Sat. Mar 25th, 2023

Climate change and environmental degradation are an existential threat to Europe and the world. Global climate action still falls short of what is required to achieve the long-term goals of the Paris Agreement(link is external) and 2030 Agenda for Sustainable Development(link is external).

19/03/2021 – 08:15

On 25 January 2021, the Foreign Affairs Council exchanged views on climate and energy diplomacy and adopted conclusions on “Climate and Energy Diplomacy – Delivering on the external dimension of the European Green Deal.

The European Green Deal sets ambitious goals aiming at transforming the EU into a climate-neutral, fair and prosperous society, with a modern, resource-efficient and competitive economy. However, since the EU accounts for an 8%, and decreasing, share of global emissions, ambitious internal policy will not be enough.

In its conclusions, the Council acknowledges that although the EU is showing leadership and setting an example by stepping up its domestic commitments, there is an urgent need for collective and decisive global action to contain the increase in the global average temperature, in line with the Paris Agreement mitigation goal. The coherent pursuit of external policy goals is crucial for the success of the European Green Deal. The Council stresses the need for ratification of the Paris Agreement by all who have not yet done so.

Under its climate diplomacy, the EU will work, as a matter of priority, with non-EU G20 and other major economies on climate change mitigation efforts.

The EU will continue to support those most in need, seeking to limit and manage the risk of further loss and degradation through policy support, financing and an exchange of best practices, promoting, among others, nature based solutions.

EU energy diplomacy will aim – as its primary goal – at accelerating the global energy transition, while ensuring affordability, safeguarding the environment and achieving the Sustainable Development Goals. To this end, in view of the need for a rapid shift toward climate neutrality, EU energy diplomacy will promote energy efficiency, the deployment of safe and sustainable low-carbon technologies, the increasing uptake and system integration – including through increased interconnections – of renewable energy, and the highest environmental, nuclear safety and transparency standards.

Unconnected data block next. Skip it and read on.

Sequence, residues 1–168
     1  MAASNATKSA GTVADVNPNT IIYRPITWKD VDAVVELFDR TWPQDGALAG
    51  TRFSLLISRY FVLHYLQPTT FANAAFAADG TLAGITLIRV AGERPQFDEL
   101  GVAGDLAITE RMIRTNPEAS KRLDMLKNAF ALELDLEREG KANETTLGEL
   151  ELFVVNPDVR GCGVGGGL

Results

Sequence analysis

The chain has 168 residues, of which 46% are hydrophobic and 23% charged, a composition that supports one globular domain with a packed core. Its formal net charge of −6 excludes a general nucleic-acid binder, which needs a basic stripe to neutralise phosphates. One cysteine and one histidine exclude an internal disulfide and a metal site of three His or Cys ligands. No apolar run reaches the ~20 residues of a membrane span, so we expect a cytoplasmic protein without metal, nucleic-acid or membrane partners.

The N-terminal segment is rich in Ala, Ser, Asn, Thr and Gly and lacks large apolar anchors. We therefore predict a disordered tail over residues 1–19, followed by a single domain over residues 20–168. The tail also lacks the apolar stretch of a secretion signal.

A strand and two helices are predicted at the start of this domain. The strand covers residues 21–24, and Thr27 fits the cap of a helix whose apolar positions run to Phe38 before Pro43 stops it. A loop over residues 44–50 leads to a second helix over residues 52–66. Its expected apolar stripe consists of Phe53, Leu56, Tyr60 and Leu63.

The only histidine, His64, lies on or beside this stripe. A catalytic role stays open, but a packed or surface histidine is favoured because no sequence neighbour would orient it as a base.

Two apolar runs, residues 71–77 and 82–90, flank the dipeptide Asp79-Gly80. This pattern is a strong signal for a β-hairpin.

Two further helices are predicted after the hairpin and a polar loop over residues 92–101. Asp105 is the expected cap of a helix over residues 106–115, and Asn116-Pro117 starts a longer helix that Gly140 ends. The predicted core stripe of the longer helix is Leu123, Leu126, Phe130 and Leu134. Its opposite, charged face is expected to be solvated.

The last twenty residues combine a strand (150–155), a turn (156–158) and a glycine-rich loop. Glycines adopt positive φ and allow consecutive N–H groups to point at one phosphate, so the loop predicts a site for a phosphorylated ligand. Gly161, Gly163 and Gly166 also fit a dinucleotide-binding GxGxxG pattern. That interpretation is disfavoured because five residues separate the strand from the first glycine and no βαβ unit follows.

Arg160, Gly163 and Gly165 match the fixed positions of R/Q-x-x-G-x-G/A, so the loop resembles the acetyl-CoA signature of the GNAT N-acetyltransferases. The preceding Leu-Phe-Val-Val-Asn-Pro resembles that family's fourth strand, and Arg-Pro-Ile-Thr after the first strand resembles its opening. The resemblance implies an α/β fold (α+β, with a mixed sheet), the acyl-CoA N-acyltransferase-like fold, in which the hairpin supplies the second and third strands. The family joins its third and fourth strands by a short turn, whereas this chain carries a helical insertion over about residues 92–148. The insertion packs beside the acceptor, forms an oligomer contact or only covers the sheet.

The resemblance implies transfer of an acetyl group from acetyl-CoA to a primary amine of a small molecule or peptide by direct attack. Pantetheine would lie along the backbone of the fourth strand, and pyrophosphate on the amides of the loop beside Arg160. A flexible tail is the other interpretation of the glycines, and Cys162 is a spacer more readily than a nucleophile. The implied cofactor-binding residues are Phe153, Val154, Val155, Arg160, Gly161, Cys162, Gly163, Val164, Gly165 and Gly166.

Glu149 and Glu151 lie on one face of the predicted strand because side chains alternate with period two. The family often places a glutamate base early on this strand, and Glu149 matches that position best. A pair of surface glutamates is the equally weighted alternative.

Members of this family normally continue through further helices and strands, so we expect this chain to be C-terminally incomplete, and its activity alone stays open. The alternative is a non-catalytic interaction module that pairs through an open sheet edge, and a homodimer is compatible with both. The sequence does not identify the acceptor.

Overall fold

The EU will ensure that its trade policy and its trade agreements are consistent with its climate ambition. For instance, investment into fossil fuel based energy infrastructure projects in third countries will be discouraged, unless fully consistent with an ambitious, clearly defined pathway towards climate neutrality in line with the long-term objectives of the Paris Agreement and best available science.

The EU also calls for a global phase-out of environmentally harmful fossil-fuel subsidies including a phasing out of unabated coal in energy production and – as a first step – an immediate end to all financing of new coal infrastructure. The EU will support international efforts to reduce the environmental and greenhouse gas impact of existing fossil fuel infrastructure, including non-CO2 emissions, such as black carbon. In this context, the Council underlines the need to mitigate the impact of climate change in the Arctic region, which is particularly affected. In addition, the EU will pursue, as a priority, international initiatives on reductions of methane emissions.

The EU also underlines the importance of enhancing the voice and participation of young generations on policy and practice related to climate, energy and the environment, welcoming the “Youth4Climate: driving ambition(link is external)” event to be hosted by Italy in September 2021.

Engaging with Russia on climate